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Lunch & Learn: Carolyn Dimitri and Politics of the National Organic Standards Board

September 25, 2012

Coming to us from the NYU Steinhardt Food Studies Program, Professor Carolyn Dimitri led an engaging discussion on her current work in progress, which delves into the politics of the National Organic Standards Board (NOSB), an advisory group to the United States Drug Administration (USDA).  Carolyn is a leading applied economist in the areas of organics, local food systems and distribution who brings years of experience working for the USDA in its Economic Research Service. This paper is in development with research assistance led by Wagner alum and former WFPA Co-Chair Christina Bronsing,

When published, this specific paper will shed light on NOSB selection, a mystifying and potentially politicized  process that pulls together a thirteen-member group representing multiple sectors in the food chain including retailers, farmers, academics, scientists, environmentalists and certifying agents. This committee holds significant responsibility: although in-person meetings take place only twice a year, Carolyn described a substantial workload of “15 to twenty hours of work per week” for each unpaid member in order to keep up with research and new inquiries.  The official NOSB charge is to maintain and govern the National List, which identifies ingredients either allowed in or barred from inclusion of organic crops, livestock production and in processed foods carrying an organic label. The intensive review process includes a comprehensive review every five years and an option to amend and remove individual listings. For those interested in diving in, the list can be viewed here.

The organics movement and mass-marketing of “organics” as a desirable, value-added food commodity, has gained enormous public traction, leading to an industry scramble to meet demand. For this reason, understanding NOSB is important, given that “there are people that have a lot of money to gain” (Carolyn) depending on NOSB rulings—the magnitude of the Board’s decision leads to significant media buzz after each NOSB meeting. One goal of the paper is to map out the specific ties of NOSB members past and present to learn about their affiliation with organics as well as their ties to private industry. This timely study displays the competing interests in the organic movements: an interest in maintaining honest and rigorous standards for organic ingredients, while recognizing new players in the organic world such as manufacturers, larger farms and international regulators. The current organics landscape includes vigorously marketed “organics” products in Target and Walmart, manufactured by food giants like Kellogg, with ingredients grown on industrial farms. Carolyn hopes to provide transparency and insight into this vitally important, contentious process.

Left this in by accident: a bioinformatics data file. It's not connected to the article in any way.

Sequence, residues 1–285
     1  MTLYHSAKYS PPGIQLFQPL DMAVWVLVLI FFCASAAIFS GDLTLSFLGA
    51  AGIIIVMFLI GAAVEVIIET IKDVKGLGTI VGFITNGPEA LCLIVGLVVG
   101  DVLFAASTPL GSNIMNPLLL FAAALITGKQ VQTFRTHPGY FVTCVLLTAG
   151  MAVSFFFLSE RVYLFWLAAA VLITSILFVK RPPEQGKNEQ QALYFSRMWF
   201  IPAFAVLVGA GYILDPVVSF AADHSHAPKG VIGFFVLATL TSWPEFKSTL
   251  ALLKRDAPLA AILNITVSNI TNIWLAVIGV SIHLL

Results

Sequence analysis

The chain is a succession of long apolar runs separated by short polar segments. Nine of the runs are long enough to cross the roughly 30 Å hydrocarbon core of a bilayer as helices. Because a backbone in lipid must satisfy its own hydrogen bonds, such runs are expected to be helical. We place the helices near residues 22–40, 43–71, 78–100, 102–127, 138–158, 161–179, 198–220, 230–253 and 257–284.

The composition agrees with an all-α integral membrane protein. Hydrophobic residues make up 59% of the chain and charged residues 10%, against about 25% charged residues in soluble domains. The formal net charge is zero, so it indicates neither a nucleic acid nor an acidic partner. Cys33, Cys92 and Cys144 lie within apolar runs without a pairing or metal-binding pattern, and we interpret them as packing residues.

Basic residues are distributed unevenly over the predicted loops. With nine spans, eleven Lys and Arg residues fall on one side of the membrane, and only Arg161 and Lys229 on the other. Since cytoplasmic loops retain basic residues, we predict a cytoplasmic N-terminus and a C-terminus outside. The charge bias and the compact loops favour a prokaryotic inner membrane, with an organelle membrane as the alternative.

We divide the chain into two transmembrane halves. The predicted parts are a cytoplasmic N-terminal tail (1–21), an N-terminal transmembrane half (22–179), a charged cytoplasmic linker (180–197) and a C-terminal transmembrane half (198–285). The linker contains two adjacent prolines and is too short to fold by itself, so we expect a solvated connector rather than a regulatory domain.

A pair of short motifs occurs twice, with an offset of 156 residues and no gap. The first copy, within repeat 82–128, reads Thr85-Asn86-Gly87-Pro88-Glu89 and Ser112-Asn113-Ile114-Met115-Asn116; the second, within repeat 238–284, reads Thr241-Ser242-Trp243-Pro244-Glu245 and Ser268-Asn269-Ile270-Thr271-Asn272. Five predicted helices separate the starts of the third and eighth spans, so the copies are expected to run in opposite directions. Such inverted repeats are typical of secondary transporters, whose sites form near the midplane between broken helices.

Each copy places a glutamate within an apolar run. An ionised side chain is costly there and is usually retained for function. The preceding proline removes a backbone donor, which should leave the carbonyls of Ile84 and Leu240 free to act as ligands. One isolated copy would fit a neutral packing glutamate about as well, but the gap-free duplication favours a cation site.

To learn more about Carolyn’s work, please visit her blog.

National Organics Board site.

PolicyMic piece on the need for NOSB reform

New York Times piece on big organics

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